“So he’s cutting the adhesions away from the stomach wall…that’s the aorta there. And now he’s moving the small intestine aside.” Frankie was
enthusiastically pointing at the computer screen while I was trying to avoid puking in my hand.
”And he’s cutting the vein.”
With what looked like a pair of pruning shears.
“Won’t he die?” I panicked, breathing deeply to calm my laparoscopic surgery induced nausea.
“He won’t need that vein after this,” Frankie reassured me.
That made no sense. Why would he have a redundant vein? Anyway, it didn’t matter. I couldn’t watch anymore. It looked like the surgeon was ripping the skin off the chicken he was preparing for dinner, and now Iwas both hungry and disgusted at the same time.
Despite my nausea, I found Frankie sexy when she was all doctory and I wanted her to push the computer away and lie on top of me. I slid my hand under her t-shirt and lightly brushed my fingertips over her stomach, feeling the skin bristle into goose bumps with each caress.
“Now this gets really interesting,” she continued, moving my hand away and pointing at the surgeon, who was prodding buttery yellow blobs of fat out of his way.
Scared I might actually vomit, I leapt off the bed. “Ok, I’m off to exercise.”
A stressed out Frankie was three weeks away from spending Christmas in Italy, where she would sit a two day written, oral and practical surgical exam. Eight months after she was offered a job and two months after the contract was to begin, hospital funding had fallen through. Now the position had to be opened through the government and that meant sitting the exam.
“Coraggio, Dottoressa. Stay strong,” urged the head of the department when he broke the news over the phone. “I still want you for the job.”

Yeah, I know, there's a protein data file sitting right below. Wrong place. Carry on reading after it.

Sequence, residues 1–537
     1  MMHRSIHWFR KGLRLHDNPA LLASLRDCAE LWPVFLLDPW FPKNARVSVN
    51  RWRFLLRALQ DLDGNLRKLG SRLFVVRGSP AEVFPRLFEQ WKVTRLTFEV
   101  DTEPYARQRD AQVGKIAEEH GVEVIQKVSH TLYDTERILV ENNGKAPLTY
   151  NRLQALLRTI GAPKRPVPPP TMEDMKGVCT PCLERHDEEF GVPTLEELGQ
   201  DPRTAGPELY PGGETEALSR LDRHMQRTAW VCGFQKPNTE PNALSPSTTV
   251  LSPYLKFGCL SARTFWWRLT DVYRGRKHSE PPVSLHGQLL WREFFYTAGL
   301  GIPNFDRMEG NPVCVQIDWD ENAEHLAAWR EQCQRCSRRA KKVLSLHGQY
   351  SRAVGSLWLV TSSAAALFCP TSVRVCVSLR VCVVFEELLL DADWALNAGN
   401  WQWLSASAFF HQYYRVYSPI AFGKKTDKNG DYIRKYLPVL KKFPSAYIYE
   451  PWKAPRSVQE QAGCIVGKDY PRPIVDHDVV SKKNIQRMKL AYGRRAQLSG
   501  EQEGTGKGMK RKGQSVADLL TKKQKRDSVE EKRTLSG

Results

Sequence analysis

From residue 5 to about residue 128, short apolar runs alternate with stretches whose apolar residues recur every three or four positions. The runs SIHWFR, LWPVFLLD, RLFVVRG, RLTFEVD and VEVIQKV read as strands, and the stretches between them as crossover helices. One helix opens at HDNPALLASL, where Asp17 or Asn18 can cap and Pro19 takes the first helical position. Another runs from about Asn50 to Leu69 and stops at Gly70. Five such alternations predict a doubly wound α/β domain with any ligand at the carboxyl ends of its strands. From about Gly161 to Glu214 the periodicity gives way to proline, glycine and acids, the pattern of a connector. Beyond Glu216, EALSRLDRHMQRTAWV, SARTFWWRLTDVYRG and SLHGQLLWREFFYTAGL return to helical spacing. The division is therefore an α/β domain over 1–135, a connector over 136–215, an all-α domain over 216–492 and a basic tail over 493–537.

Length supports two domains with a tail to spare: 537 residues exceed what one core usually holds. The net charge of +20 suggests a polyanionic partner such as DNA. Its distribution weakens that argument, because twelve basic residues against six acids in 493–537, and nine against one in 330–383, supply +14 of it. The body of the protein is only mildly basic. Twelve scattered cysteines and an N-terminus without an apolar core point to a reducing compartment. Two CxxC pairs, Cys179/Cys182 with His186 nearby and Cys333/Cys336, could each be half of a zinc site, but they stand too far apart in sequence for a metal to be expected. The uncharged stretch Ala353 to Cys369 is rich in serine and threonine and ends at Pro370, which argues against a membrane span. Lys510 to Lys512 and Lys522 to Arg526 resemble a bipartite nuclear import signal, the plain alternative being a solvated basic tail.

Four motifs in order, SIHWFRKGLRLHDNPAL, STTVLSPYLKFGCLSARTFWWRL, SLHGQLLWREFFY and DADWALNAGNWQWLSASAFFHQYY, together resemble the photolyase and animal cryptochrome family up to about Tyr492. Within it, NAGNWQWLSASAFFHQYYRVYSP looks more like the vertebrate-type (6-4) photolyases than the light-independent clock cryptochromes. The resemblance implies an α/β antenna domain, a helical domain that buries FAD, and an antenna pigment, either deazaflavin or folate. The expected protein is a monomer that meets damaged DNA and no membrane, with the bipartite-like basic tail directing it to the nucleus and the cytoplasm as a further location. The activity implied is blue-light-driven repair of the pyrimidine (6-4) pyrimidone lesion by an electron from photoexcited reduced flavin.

This wasn’t just a job to Frankie, this was her dream job. She hung up the call, walked to the bed and started to cry.
It took her several days to work through her grief and several more weeks to heal her wounded pride. She’d told everyone that she was off to Italy to restart her medical career. And now, whenever she spoke to someone, they asked her when she was leaving.
“I have to get this job” Frankie announced once the shock had worn off. “I’m not sure I can do this but I have to try.” So we cancelled all social arrangements and Frankie stuck her head in her books.
Her routine now consisted of work-study-home-study-sleep and she spent her weekends reading and watching surgical videos. Once she’d consumed our entire internet for the month, she set up camp in the local yoghurt shop and used their Wi-Fi instead.
Life was very different now from six weeks ago, when Frankie was busy planning our wedding in New Zealand. Nervous about the lack of recognition for our relationship in Italy, she had read that a French lesbian couple sued Italy for not recognising their foreign marriage. They won and the court forced Italy to register the marriage and respect the couple’s rights.
So Frankie rang me from work one day and casually enquired which Friday I would like to fly to Christchurch.
“For the weekend?” I asked.
“To marry. I emailed a celebrant. She’ll organise the paperwork and meet us in a park with two witnesses.”
“Why?” I asked. “Can’t we indulge in some thermal spa therapy instead?”
“You’ll be like a Syrian refugee in Italy so I’m mounting a humanitarian mission to New Zealand.”
“What about photos?” I asked.
I hung up without deciding a date. Frankie’s spontaneous nature could be fun, but I had enough experience to know she’d regret this afterwards. Getting married without telling anyone? That wasn’t our style. Frankie was all about her friends. I didn’t want her eloping just for me.
Granny rang that night and I accidentally-on-purpose spilled my news.
“About time,” she admonished, like we were the ones dragging our feet on marriage equality. You’ll have to stay dutifully by her side in Italy now. A woman always stays dutifully by her husband’s side.”
I stifled a giggle.
“Are you taking her name dear?”
“Can’t she take mine?”
“She’s a Doctor.”
“Oh. Ok. We can hyphenate. Mrs-Dr-Alexandra-Kathryn-Francesca-Conte-De-Marco.”
“Be serious dear. She’s a professional.”